Jos de Gruyter & Harald Thys

Emperor Ro: The Report of a Coup in Belgium

Maxwell Graham/Essex Street
55 Hester Street
New York
Lower East Side
Sep 10th — Oct 16th

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A stuffed monkey sits behind a comically large, burnished-wood desk, trailing a long, stuffed arm authoritatively over the armrest of a chair. Recalling an intimately scaled history museum cared for by a small but dedicated staff under a shoestring budget, it comes with a helpful didactic text. “This desk was discovered in one of the secret cellars of a badly battered villa in the neighborhood of Jodoigne,” it tells us. “The white monkey was a gift from his brother on the day he was born, and was his closest friend during his entire life.”

For Jos de Gruyter and Harald Thys’s first collaboration at Maxwell Graham/Essex Street gallery, the artist duo restages a seminal exhibition documenting a fictional 1990 coup in Belgium by a so-called Emperor Ro. Originally formulated in 1993, a year after the the Soviet Union fell and popular revolts arose in its former territories, their exhibition is a probing, absurdist, and tragicomic parody of war, terrorism, and civilization-building.

The coup began, the exhibition tells us, on December 12, 1990, when the branches of government fell into the hands of Ro. Three consoles playing reruns of ROTV—the regime’s official TV channels—are on view. On the entertainment channel, ROTV3, we see state comedian Guido de Belder hosting his nightly program, “Guido’s Evening”; on ROTV1, we watch film footage of his arrest within his damask-wallpapered home for making a joke of poor taste; nearby in a wizened wood display case a set of balls are stacked in tetrahedral formation—a prop from said joke.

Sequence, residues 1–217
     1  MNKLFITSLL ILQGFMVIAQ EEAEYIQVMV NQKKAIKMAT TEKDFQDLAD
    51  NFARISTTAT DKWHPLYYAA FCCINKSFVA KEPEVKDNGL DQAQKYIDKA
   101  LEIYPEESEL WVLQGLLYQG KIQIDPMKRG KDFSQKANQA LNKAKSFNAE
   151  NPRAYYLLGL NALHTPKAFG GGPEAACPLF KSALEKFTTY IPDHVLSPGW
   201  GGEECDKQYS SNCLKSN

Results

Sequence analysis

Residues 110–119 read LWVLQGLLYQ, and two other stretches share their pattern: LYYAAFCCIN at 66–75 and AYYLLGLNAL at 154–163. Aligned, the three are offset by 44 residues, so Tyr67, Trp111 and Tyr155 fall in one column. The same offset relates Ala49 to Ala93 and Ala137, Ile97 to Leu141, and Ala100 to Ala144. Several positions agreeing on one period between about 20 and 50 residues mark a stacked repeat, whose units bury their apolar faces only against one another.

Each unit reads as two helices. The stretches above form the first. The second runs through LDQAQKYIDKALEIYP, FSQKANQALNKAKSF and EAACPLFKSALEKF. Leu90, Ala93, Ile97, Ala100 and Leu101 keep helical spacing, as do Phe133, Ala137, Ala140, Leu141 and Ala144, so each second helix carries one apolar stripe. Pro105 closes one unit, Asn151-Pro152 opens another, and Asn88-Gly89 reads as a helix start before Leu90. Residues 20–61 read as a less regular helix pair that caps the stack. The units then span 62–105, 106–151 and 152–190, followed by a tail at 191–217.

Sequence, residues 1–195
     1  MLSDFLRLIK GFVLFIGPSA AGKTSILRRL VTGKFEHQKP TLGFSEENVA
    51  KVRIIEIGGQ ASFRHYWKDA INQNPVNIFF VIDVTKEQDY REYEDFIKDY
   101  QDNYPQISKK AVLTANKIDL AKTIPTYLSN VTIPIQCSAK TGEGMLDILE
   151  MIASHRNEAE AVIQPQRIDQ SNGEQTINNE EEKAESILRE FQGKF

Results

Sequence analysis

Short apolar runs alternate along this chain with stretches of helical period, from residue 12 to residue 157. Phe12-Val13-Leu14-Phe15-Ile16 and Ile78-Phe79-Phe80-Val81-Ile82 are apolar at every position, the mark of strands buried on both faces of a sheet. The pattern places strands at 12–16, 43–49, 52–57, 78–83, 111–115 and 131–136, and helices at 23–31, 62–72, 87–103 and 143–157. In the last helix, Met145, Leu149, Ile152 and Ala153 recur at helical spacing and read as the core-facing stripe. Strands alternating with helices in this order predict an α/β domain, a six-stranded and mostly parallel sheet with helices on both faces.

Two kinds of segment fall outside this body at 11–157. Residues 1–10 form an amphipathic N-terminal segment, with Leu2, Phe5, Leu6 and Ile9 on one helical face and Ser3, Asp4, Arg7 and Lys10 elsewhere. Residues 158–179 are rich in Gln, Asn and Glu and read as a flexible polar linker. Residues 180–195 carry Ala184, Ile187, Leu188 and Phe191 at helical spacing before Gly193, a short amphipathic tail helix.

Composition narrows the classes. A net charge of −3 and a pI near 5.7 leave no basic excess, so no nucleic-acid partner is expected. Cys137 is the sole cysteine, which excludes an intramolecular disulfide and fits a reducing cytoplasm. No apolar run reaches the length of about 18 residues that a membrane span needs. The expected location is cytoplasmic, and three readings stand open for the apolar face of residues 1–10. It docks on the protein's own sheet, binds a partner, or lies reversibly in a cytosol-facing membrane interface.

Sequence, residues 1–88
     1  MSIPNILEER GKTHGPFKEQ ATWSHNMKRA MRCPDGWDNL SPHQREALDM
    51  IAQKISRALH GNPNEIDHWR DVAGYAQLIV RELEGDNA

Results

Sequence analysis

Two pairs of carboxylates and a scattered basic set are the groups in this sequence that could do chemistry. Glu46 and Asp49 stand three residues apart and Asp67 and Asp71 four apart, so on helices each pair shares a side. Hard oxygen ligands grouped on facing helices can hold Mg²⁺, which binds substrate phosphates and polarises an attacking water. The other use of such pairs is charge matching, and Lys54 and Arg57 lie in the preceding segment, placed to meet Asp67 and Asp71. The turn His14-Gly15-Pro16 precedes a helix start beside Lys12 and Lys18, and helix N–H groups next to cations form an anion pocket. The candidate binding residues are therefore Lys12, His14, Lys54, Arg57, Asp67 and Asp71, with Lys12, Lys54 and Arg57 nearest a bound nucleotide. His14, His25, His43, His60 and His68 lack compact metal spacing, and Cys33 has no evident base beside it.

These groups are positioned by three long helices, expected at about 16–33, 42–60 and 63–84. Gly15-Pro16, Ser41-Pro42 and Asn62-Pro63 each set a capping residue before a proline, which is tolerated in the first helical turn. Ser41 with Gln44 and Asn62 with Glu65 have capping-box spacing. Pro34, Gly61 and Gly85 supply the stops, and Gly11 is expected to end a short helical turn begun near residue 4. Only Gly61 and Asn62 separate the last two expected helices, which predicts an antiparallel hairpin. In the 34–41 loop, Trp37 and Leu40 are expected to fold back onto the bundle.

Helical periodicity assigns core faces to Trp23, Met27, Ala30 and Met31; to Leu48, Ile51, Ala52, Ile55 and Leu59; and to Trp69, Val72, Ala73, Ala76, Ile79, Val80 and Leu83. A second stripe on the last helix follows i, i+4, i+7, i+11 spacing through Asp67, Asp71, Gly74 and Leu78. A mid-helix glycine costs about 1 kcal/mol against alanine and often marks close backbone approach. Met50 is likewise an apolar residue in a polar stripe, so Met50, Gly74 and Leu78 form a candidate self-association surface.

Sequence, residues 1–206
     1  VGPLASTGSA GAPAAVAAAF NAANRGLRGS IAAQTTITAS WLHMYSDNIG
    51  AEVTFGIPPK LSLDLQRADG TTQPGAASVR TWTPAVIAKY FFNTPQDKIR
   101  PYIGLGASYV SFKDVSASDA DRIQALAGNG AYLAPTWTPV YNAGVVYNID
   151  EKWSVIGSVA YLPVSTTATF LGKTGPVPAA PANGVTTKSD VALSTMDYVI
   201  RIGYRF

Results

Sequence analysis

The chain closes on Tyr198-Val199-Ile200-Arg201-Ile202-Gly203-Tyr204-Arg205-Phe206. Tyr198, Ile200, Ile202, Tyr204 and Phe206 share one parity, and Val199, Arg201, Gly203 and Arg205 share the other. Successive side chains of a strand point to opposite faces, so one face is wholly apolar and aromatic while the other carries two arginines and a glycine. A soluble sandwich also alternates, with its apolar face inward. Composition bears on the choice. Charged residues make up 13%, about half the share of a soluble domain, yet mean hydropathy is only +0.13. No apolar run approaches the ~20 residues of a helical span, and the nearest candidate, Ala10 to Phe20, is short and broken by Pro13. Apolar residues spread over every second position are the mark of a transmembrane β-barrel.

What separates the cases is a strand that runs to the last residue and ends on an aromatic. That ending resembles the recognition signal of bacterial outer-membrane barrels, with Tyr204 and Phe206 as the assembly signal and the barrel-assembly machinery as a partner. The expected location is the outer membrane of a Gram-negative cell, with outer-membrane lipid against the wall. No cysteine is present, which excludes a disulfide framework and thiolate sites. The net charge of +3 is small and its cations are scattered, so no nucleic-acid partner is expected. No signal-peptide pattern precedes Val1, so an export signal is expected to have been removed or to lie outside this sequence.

It took me a minute to determine that these events were a farce. Maybe it was the description of “Maggy Kap,” a.k.a “the Machete,” a sadistic gym teacher brought in as an interrogator at Sector 4, the infamous Roan torture center, which swung the pendulum in the direction of satire. Or perhaps it was the bright-orange Fanta bottles on the desk, which resonate too easily with a certain modern-day orange-colored strongman.

Indeed, 2021 United States is an interesting time and place to reprise this exhibition, which was acclaimed in 1993 Belgium as a merciless depiction of a parallel-reality Europe. Are we meant to draw connections between our own country and the rise of Ro? To identify the fictional 1990 fall of Belgium with the 2021 military coup in Myanmar, the toppling of the Haitian regime, or the collapse of a US-backed government in Afghanistan? It is simultaneously not enough to look upon Ro’s ravings as the comic stylings of a fictional lunatic, and too much to ask an installation from 1993 to orate parallels this far in the future.

Still, the network of associations it generates is unnerving—a fictional rendition of a real-life restaging of an absurdist play with no heroes, no meaning, and certainly no end. —Lisa Yin Zhang

Jos de Gruyter & Harald Thys, Emperor Ro: Report of a Coup in Belgium, 1993. Installation view: Maxwell Graham/Essex Street, New York, 2021. Courtesy the artists and Maxwell Graham/Essex Street, New York.